Black Tomato Stems: Treatment of Tomato Stem Diseases in the Garden

One day your tomato plants are healthy and robust and the next day they are full of black spots on the stems of the tomato plants. What causes the black stems on tomatoes? If your tomato plant has black stems, don’t panic, it is most likely the result of a fungal disease of the tomato stems that can easily be treated with a fungicide.

Help, the stalk is turning black on my tomatoes!

There are a number of fungal diseases that cause tomato stalks to turn black. Among them is Alternaria stem canker , which is caused by the fungus Alternaria alternata . This fungus is already living in the soil where the spores landed on the tomato plant when the remains of old infected tomatoes were disturbed. Brown to black lesions develop on the soil line. These cankers eventually enlarge, causing the plant to die. In the case of Alternaria stem canker, there is unfortunately no treatment available. However, there are varieties of tomatoes that are resistant to Alternaria.
Bacterial canker is another tomato stem disease that causes black spots on the stems of tomato plants. It is easily visible on older plants
like brown stripes and dark lesions. Lesions can appear anywhere on the plant. The bacterium Clavibacter michiganensis is the culprit here and survives indefinitely in the plant tissue. To prevent infection, disinfect the equipment with a chlorine solution and soak the seeds in water at 130 degrees F. (54 C.) for 25 minutes before planting. Cultivate areas of the garden where tomatoes have been grown thoroughly to decompose and accelerate the decomposition of old plants.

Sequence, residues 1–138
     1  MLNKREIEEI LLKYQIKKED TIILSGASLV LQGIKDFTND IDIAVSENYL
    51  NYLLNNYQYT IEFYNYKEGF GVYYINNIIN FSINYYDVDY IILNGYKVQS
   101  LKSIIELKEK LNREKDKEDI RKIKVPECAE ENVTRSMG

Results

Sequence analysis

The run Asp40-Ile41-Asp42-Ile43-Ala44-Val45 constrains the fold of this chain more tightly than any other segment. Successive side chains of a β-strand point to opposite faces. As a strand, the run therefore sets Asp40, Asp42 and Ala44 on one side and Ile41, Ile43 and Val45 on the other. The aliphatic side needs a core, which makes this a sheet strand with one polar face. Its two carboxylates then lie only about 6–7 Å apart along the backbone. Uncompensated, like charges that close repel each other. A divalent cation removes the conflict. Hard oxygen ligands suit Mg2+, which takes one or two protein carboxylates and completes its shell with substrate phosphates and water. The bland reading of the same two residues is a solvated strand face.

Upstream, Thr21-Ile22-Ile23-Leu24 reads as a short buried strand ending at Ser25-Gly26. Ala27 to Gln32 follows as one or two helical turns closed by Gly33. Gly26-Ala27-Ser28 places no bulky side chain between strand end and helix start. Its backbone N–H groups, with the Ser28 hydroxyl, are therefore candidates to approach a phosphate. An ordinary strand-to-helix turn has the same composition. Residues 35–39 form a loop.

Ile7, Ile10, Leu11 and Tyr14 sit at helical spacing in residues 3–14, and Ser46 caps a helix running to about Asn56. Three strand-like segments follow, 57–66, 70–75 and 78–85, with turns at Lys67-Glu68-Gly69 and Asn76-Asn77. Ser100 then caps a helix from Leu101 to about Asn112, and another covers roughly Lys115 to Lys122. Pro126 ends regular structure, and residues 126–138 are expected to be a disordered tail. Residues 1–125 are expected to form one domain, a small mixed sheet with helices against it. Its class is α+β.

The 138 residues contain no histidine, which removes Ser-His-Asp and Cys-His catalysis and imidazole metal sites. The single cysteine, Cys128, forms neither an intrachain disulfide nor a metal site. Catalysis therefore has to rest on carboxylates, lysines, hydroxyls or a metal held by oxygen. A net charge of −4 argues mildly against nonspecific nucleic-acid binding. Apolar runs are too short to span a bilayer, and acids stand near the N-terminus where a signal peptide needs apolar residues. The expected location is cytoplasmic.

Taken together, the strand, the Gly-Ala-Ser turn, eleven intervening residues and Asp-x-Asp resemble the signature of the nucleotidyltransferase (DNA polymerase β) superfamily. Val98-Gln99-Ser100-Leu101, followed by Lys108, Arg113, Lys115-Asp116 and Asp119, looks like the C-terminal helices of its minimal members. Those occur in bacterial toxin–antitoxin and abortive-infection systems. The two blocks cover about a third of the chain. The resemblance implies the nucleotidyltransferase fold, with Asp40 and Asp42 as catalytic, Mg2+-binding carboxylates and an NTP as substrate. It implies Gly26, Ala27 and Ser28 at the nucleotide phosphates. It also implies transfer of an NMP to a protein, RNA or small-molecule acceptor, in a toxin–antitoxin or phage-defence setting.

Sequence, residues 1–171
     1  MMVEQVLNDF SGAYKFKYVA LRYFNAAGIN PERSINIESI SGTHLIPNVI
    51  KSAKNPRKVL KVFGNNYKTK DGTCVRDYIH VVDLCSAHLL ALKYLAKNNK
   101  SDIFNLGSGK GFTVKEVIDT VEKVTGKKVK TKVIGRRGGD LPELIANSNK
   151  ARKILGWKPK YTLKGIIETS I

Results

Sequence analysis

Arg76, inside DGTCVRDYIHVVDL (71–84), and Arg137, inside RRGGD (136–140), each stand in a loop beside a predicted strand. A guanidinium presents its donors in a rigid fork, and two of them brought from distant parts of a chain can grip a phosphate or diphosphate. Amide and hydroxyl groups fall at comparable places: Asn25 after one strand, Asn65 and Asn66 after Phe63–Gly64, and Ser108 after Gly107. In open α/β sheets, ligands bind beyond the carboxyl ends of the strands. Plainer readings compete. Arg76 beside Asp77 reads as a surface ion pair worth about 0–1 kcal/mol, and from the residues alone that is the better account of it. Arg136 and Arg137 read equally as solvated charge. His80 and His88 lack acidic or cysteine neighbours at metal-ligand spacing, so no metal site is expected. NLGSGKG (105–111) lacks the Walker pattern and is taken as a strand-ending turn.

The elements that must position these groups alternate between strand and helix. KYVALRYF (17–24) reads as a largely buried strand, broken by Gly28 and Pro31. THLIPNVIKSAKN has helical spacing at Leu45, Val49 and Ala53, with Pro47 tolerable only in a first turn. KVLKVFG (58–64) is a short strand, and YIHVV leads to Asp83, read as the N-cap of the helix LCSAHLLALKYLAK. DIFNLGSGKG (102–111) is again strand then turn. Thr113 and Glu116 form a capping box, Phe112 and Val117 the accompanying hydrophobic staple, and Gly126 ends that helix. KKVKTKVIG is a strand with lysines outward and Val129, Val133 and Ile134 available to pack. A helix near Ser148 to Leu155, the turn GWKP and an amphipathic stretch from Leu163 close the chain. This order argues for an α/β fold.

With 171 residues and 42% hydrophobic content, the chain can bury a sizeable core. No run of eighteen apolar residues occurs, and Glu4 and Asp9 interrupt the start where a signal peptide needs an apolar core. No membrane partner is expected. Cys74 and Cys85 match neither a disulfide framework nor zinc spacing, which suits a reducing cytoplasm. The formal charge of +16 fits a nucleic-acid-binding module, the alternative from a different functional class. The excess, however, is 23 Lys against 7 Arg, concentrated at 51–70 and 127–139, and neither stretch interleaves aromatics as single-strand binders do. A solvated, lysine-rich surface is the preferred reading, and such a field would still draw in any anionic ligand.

Black stems on tomatoes can also be the result of late blight. Alternaria solani is the fungus responsible for this disease and spreads in cool, wet weather, often after a period of rain. The fungus grows in soil where infected tomatoes, potatoes or parasols have been grown. Symptoms include small black or brown spots less than half an inch wide. They may be found on the leaves or fruit, but more commonly on the stems. In this case, a topical application of copper fungicide or Bacillus subtilis should eliminate the infection and allow for future crop rotation.
Late blight is another fungal disease that thrives in humid climates. It usually appears in early summer when humidity rises to 90% and temperatures are around 15-25 C. Within 10 hours, purplish-brown to black lesions begin to splash on the leaves and spread along the stems. Fungicides are useful to manage the spread of this disease and use resistant plants whenever possible.

Prevention of tomato stem diseases

If your tomato plant has black stems, it may be too late or a simple application of fungus can remedy the problem. Ideally, the best plan is to plant hardy tomatoes, practice crop rotation, disinfect all equipment and avoid overcrowding to prevent disease from getting into your tomatoes.
It may also be helpful to remove the lower branches and leave the stem bare until the first set of flowers, then mulch around the plant after removing foliage to that point. The mulch can act as a barrier and remove the lower leaves so that spores sprayed by rain cannot infect the plant. In addition, water in the morning to give the foliage time to dry out and remove diseased leaves immediately.

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